Grit Research is Alive and Well

“True Grit…” by Rimfeld et al (2016) is a current and well received paper. It also gives academic credibility to a rumor I’ve heard around the GMU campus. The rumor is that the personality trait called grit which was pioneered by Duckworth has reached a dead end as a research program. The present article disagrees strongly.

Rimfeld et al argue that grit is essentially the same trait as conscientiousness, and therefore adds nothing to the prior literature which establishes Big 5 personality traits as predictive of success.

First, let me state that I think “True Grit” was well done. At the same time, I think the study provides great evidence in the direction opposite its own conclusion.

Section I: 8 Cheers for Grit and Some Sub-points

  1. By its own admission, grit outperforms 4 of the Big 5 personality traits.
    1. In significance, coefficient size, and explanatory power.
  2. By its own admission, grit adds 10% to the explanatory power of the Big 5 model alone.
    1. The Big 5 model explains 5.5% of the variation, while the addition of grit adds another statistically significant .5%. See this also noted in an interview with Rimfeld.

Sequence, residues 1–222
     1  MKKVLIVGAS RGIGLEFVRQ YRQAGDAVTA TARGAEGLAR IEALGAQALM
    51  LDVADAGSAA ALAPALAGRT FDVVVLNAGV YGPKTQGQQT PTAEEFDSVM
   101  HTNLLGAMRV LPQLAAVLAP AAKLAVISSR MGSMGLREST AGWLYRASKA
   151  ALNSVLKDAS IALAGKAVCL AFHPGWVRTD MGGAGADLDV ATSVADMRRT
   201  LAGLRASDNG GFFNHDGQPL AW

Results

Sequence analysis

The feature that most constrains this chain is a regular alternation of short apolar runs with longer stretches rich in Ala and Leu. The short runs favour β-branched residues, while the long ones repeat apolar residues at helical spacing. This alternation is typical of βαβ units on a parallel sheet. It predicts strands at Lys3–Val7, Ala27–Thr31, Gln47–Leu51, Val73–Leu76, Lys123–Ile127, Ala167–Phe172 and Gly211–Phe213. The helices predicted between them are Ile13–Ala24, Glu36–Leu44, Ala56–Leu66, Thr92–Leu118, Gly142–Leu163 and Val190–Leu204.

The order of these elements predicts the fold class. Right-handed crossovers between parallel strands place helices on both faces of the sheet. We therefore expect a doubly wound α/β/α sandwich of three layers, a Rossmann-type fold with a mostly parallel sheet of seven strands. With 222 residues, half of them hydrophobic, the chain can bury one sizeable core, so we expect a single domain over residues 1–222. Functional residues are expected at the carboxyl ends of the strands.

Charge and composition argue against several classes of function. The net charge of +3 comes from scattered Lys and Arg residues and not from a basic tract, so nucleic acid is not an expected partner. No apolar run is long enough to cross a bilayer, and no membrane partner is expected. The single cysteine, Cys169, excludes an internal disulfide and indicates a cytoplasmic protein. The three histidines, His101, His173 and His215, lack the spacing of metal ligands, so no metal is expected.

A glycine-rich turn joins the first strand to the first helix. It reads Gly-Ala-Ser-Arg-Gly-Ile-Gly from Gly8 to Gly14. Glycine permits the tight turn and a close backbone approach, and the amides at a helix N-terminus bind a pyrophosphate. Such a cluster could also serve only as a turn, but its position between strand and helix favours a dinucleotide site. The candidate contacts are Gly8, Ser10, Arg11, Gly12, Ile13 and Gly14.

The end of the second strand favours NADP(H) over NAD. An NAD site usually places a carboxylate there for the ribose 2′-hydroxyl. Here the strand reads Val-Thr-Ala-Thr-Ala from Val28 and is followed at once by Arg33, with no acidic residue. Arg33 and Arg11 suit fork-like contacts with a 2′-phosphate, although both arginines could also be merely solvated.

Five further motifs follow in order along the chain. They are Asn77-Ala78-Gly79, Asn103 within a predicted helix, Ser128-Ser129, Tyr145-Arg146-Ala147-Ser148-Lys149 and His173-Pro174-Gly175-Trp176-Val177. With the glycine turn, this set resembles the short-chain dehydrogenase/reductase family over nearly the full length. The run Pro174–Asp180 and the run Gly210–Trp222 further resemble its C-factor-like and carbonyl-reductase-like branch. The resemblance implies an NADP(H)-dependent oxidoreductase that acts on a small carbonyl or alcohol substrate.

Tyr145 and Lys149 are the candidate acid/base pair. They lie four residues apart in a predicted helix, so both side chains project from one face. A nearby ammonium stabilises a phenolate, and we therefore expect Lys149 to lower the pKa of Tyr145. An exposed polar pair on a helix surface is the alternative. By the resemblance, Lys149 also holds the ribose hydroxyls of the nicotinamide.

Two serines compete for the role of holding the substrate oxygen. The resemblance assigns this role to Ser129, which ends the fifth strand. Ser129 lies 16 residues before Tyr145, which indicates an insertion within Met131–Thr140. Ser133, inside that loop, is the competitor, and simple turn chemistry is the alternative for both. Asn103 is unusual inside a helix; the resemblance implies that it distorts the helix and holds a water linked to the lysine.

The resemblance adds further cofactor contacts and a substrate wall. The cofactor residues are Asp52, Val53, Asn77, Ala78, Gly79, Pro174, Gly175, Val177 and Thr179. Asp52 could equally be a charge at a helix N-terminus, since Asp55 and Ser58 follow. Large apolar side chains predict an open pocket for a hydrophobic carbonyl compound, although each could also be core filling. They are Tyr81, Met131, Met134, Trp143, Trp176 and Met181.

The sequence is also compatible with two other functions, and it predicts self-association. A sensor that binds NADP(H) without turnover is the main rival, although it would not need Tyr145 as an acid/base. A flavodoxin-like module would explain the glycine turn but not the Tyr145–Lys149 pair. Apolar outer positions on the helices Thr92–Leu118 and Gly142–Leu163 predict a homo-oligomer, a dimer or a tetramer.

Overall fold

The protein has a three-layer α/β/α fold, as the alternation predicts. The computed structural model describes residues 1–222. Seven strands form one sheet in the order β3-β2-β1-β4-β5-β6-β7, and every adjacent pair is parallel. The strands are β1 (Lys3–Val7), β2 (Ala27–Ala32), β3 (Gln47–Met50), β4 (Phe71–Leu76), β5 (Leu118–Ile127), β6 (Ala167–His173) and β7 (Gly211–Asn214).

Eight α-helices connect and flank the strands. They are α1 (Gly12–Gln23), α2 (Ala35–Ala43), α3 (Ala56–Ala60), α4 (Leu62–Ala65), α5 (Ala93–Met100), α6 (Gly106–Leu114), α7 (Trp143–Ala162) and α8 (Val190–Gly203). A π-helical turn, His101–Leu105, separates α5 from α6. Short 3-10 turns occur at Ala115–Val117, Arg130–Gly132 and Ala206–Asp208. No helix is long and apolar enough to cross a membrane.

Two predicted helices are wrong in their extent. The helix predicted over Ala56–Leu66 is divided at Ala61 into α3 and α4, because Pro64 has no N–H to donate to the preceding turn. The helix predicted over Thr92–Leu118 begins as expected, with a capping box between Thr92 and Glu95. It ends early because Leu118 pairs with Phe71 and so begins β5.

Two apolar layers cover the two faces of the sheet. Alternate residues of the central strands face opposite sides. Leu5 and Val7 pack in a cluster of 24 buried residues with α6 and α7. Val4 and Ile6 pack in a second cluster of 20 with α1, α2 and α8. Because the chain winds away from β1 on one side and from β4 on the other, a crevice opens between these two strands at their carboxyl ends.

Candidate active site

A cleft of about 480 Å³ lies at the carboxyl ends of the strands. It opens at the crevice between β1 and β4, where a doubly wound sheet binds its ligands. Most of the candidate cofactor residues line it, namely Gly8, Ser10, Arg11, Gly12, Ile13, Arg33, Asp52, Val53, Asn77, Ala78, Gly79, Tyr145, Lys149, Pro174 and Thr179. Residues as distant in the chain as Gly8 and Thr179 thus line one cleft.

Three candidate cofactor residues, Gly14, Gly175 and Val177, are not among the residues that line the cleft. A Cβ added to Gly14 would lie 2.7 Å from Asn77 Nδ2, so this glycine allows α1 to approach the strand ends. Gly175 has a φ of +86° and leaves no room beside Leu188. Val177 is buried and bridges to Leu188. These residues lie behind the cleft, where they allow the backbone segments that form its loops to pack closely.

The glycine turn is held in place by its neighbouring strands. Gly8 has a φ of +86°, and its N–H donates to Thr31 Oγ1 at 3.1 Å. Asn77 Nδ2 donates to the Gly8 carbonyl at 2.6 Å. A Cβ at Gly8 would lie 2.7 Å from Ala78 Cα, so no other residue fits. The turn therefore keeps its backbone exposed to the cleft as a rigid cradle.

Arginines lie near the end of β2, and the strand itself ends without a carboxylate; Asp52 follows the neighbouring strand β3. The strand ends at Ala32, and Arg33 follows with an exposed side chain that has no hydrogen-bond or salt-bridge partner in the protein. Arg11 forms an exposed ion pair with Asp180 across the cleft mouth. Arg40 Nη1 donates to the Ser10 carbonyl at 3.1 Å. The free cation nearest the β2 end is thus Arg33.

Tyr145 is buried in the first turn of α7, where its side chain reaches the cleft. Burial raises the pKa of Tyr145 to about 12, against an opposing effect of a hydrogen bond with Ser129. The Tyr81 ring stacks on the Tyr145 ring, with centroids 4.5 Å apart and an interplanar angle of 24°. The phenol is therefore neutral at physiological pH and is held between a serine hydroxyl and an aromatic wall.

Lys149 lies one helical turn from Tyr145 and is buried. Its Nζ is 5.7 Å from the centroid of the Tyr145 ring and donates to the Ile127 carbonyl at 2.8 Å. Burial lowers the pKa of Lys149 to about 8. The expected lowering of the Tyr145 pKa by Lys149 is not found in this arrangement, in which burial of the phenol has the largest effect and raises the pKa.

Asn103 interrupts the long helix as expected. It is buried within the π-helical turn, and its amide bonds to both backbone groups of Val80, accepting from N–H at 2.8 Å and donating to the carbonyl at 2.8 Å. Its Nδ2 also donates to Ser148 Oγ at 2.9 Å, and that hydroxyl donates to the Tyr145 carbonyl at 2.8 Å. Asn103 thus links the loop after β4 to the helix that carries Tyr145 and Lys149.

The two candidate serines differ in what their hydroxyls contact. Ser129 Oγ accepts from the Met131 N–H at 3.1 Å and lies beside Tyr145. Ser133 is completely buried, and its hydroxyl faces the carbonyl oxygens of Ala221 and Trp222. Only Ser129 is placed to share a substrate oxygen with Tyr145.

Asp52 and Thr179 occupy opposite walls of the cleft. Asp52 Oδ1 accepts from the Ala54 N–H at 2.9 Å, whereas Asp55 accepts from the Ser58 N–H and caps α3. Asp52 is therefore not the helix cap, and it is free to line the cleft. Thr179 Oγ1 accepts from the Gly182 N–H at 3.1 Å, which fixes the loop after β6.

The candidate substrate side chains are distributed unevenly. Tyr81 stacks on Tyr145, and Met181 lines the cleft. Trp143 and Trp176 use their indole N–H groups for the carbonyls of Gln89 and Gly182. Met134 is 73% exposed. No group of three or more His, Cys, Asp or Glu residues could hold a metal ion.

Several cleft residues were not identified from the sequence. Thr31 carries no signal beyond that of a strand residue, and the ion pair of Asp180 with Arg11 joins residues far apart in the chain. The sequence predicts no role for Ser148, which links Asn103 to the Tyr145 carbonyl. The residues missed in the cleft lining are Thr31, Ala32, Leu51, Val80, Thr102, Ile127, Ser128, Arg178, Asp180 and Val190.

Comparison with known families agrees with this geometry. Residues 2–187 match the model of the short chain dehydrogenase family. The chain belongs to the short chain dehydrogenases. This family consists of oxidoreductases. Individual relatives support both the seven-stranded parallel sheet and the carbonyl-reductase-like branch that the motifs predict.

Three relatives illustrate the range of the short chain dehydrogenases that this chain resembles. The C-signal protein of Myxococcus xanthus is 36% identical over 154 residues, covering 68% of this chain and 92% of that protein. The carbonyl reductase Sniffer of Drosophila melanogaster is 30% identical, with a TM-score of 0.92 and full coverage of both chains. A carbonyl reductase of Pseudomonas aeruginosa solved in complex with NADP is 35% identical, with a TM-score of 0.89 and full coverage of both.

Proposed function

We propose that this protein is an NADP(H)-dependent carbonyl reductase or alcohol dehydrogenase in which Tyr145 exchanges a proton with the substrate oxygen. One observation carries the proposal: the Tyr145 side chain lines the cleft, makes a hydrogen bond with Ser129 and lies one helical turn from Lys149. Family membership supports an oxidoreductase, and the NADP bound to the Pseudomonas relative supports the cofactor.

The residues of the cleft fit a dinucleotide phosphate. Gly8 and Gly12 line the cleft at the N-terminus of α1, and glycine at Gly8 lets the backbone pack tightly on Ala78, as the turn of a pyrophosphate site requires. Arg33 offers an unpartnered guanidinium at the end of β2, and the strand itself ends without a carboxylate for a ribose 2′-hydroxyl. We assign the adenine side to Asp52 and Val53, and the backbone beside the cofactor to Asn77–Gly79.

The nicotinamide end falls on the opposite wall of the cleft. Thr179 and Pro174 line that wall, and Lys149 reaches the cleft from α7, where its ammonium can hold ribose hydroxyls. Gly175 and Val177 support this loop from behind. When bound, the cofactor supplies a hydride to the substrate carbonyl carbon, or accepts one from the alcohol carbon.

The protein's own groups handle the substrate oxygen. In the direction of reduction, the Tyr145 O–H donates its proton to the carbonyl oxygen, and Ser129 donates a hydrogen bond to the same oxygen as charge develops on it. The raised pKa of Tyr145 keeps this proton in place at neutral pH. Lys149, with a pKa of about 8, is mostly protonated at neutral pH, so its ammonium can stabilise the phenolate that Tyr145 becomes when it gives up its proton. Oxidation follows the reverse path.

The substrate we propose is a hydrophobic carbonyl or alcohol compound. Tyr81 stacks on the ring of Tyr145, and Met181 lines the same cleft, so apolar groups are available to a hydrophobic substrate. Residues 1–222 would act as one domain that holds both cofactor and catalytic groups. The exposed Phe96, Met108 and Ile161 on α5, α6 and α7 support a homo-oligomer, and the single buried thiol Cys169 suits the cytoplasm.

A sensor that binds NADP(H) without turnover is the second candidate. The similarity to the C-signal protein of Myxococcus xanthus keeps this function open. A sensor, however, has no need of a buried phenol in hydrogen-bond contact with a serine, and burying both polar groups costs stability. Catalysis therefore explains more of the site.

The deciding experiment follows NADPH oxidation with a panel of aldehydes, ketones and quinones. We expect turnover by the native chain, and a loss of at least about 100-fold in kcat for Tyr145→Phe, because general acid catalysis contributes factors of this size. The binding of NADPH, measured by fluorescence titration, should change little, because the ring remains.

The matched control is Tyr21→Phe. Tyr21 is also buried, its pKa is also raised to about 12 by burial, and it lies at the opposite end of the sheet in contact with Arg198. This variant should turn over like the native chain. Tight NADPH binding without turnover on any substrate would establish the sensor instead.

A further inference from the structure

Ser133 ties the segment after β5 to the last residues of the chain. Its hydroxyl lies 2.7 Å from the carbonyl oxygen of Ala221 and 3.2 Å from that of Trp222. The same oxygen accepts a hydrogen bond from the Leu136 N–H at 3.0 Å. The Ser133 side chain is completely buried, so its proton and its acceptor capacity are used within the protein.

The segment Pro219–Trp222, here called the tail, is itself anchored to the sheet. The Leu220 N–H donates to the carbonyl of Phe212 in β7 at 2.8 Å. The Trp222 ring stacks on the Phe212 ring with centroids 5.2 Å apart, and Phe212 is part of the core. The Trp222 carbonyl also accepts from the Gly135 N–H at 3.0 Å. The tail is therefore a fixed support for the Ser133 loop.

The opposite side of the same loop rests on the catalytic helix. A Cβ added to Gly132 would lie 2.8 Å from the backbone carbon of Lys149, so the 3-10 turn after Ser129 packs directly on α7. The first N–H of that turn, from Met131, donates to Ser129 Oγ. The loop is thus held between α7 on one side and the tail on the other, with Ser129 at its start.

2. Any market firm would consider such a gain to be a huge competitive advantage. Any investor would consider it a solid ROI. Why is 10% not economically important?
    3. Here’s a plausible pro-unimportance argument: Government policies to fund a grit training would cost more than the benefits they would generate.
    4. I agree with #3, but who says research which doesn’t entail a policy change is unimportant? General success factors are valuable to the typical teacher, student, firm, and person. It need not lead to a grit training program.
  3. By its own admission, grit and conscientiousness have a .53 phenotypical correlation. One can hardly claim equivalence on this ground.
  4. The study used low-precision instruments and yet still found important and significant effects.
    1. The grit scale used was Grit-S, the shorter and less precise survey instrument.
    2. The abbreviated FFMRF was used, which is the low resolution implementation of Big 5.
    3. The dependent variable was GCSE grades. These are letter grades. Letter grades are notoriously lumpy/imprecise measures.
    4. I think a study which predicted income, graduation rate, or SAT score based on the high resolution measures would find more importance and significance.
  5. The study presents clearly weak arguments against the malleability of grit.